Basics of Stock Trading in Share Market
Stock trading is all about buying and selling stocks in the stock market. As much
it is a science, it is also an art. One needs to understand the stock market basics,
especially from the point of view of stock markets for beginners. Online stock trading
is all about learning how to invest in stock markets for beginners. Let us learn
how to trade stock from the basics.
When you buy or sell for delivery of shares it is called delivery trade. When you
buy for delivery you need to pay the full amount of the trade on T+1, ideally before
11 am. When you sell for delivery you need to give a Debit Instruction Slip (DIS)
for debiting the shares to your demat account.
An intraday trade is all about buying and selling on the same day. You can buy in
the morning and sell back on the same day. Alternatively, you can sell in the morning
and buy it back the same day. Such intraday trades are netted out and only the profits
or losses are adjusted to your trading account. It does not result in any delivery
Demat; trading account and banking are linked in a seamless loop
Your trading activity is a combination of your purchases and your sale. However,
trading is not just about trades but also payments and custody of shares. This is
how it works. When you buy shares in the trading account, the account has to be
pre-funded or you have to pay from your bank account by T+1. Then on T+2 day the
shares get credited to your demat account. When you sell shares, then the demat
account gets debited on T+1 day to the extent of shares sold and the net amount
(after costs) gets credited to your bank account on T+2 day. That is how the relationship
When you trade you need to define the maximum loss that you are willing to take.
Normally, your stop loss is below the buy price or above the selling price. Stop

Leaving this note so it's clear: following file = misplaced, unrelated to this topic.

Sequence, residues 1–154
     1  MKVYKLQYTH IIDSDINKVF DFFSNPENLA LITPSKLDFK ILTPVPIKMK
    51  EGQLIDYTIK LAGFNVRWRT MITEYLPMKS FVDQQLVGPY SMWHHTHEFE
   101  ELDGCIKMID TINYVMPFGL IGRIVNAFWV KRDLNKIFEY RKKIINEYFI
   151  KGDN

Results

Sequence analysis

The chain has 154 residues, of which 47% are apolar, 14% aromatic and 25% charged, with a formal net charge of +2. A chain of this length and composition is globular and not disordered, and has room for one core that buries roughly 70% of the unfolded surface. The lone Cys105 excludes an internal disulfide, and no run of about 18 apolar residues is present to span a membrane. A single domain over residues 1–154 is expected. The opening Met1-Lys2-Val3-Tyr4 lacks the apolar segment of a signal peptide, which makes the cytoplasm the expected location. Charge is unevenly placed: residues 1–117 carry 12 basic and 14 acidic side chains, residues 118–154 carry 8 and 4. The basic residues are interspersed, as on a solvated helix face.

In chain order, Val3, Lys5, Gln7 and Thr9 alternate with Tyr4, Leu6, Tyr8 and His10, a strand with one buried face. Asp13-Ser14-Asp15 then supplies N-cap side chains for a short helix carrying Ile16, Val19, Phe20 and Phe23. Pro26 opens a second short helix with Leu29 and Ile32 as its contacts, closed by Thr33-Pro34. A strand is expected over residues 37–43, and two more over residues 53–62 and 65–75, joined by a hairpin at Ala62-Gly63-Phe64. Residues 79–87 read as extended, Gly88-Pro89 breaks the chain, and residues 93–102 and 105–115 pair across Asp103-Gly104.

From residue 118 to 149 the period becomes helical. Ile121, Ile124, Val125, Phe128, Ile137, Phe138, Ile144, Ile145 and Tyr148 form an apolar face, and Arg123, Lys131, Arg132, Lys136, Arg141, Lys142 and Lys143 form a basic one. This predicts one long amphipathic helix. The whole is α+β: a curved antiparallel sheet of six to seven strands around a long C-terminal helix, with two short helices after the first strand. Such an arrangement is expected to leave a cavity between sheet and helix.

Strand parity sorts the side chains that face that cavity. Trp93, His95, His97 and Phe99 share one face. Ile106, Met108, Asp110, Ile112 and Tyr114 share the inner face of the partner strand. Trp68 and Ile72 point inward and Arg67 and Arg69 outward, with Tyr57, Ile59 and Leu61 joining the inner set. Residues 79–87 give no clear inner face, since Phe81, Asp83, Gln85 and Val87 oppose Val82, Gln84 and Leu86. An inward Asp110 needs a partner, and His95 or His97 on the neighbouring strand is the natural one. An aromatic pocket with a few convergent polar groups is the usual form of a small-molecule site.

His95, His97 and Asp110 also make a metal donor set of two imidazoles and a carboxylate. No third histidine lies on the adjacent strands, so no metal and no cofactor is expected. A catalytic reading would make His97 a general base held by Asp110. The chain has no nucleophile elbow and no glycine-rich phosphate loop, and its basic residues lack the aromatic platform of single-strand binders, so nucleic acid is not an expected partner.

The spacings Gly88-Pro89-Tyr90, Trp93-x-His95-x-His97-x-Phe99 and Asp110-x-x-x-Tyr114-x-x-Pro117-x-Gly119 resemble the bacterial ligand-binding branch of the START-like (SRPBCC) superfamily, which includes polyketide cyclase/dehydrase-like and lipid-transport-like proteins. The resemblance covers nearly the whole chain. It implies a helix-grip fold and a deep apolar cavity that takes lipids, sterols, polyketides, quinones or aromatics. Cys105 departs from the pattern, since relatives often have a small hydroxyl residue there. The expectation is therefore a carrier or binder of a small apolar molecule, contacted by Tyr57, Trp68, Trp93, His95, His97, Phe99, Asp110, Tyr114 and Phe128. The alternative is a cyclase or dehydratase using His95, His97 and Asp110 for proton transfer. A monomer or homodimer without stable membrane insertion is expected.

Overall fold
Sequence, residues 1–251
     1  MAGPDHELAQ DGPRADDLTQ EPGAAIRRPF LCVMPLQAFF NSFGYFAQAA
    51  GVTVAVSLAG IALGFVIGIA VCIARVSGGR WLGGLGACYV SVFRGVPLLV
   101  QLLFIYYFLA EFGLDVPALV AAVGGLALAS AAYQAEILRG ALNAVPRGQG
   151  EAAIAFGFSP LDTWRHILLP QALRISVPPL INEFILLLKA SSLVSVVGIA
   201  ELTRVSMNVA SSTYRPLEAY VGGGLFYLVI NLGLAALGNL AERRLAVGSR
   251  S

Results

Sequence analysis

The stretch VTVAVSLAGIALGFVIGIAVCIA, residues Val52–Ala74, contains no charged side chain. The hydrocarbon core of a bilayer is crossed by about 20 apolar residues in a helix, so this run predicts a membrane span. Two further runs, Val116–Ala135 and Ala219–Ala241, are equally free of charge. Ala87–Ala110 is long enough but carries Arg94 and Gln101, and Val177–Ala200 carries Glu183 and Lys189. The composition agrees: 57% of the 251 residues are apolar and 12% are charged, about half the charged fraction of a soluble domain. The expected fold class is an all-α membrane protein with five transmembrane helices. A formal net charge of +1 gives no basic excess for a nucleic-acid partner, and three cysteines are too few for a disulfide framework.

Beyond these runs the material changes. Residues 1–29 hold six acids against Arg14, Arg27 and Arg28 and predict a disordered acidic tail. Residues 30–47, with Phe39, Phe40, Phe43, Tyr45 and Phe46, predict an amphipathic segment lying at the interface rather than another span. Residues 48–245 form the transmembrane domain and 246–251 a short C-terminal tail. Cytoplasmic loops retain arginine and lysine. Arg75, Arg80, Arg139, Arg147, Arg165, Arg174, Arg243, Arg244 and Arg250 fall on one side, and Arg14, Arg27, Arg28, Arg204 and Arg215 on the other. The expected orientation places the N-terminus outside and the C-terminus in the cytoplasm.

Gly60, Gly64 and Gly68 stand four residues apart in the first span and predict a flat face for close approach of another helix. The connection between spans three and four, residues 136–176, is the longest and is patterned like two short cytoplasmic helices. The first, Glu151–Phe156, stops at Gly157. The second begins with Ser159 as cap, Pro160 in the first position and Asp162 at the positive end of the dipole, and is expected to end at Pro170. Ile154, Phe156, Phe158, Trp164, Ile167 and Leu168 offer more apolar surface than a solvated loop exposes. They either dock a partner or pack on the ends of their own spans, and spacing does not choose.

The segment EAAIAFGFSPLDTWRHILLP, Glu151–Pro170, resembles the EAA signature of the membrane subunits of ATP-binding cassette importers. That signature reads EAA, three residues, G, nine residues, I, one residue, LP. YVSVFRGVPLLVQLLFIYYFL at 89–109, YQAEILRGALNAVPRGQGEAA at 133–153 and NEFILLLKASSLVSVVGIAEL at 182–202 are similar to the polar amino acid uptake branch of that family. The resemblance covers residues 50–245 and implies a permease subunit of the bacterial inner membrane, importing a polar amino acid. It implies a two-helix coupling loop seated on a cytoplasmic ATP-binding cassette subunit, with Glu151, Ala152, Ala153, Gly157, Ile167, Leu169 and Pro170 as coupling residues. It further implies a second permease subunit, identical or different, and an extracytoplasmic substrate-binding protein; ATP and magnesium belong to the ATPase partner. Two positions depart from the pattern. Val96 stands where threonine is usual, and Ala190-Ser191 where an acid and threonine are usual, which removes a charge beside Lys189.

losses are a protection against unlimited losses and are placed around the supports
and resistance levels.
In margin trading you do not put the entire money upfront. Instead you only pay
a small margin and the broker allows you to take a position that is a multiple of
your margin. Such trades have to necessarily be intraday trades. If you do not close
the trade on your own then the broker will typically close out the trades 15 minutes
before the end of the trading session.
When you sell shares for delivery you should be having the shares in your demat
account. If you sell shares without having delivery or if you do not give the DIS
on time then it can result in the shares going into auction. The auction losses
are debited to the trader’s account.
An order book is where all your cash, futures and options orders are seen. They
appear in your order book irrespective of whether the order is executed or not.
When an order is executed fully or partially, the actual executed trade can be seen
in the trade book. It is a record of all your executed transactions.
Good-Till-Day (GTD) Order
A GTD order is valid till end of trade on the day of placement. If the order is
not executed till the end of the day, it is automatically cancelled.
Immediate or Cancel (IOC) Order
An IOC order is placed in such a way that if the order is not executed immediately
on placement, then the system automatically cancels it.
Market Orders and Limit Orders
A market order is placed to get executed in the market at the best available price,
in case of buying or in case of selling. A limit order defines the best price to
execute. The system will only execute the order at the price or better than the
When you buy futures or sell options there is an initial margin that you pay. But
if the price movement is against you then the exchange also imposes MTM margins
which will be payable by you.
Fundamental Analysis and Technical Analysis
These are methods to research stocks. Fundamental analysis looks at the income statement,
balance sheet and cash flows of the company and arrives at a stock valuation. Technical
analysis looks at charts, resistances and supports to identify levels to trade.